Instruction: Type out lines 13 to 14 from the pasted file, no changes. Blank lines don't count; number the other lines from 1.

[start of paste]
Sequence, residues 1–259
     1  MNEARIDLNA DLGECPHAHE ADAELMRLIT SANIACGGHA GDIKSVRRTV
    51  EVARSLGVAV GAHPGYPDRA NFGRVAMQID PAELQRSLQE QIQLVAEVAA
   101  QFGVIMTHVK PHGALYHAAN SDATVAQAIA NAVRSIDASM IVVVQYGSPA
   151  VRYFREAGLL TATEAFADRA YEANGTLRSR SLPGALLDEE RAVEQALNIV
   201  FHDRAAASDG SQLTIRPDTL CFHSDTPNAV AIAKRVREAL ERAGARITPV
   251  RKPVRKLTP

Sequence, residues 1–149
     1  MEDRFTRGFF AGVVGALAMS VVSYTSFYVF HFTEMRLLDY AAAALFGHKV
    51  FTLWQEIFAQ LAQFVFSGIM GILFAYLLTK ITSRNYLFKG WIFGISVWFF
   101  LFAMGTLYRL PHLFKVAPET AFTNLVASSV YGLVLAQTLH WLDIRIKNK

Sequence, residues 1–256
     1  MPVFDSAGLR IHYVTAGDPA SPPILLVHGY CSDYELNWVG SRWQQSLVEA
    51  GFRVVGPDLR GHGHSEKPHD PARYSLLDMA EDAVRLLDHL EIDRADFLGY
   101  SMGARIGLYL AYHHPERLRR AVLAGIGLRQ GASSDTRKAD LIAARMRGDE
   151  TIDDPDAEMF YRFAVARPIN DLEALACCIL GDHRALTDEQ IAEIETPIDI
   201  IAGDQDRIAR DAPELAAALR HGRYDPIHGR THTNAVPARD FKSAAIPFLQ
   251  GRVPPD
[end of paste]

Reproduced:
     1  MPVFDSAGLR IHYVTAGDPA SPPILLVHGY CSDYELNWVG SRWQQSLVEA
    51  GFRVVGPDLR GHGHSEKPHD PARYSLLDMA EDAVRLLDHL EIDRADFLGY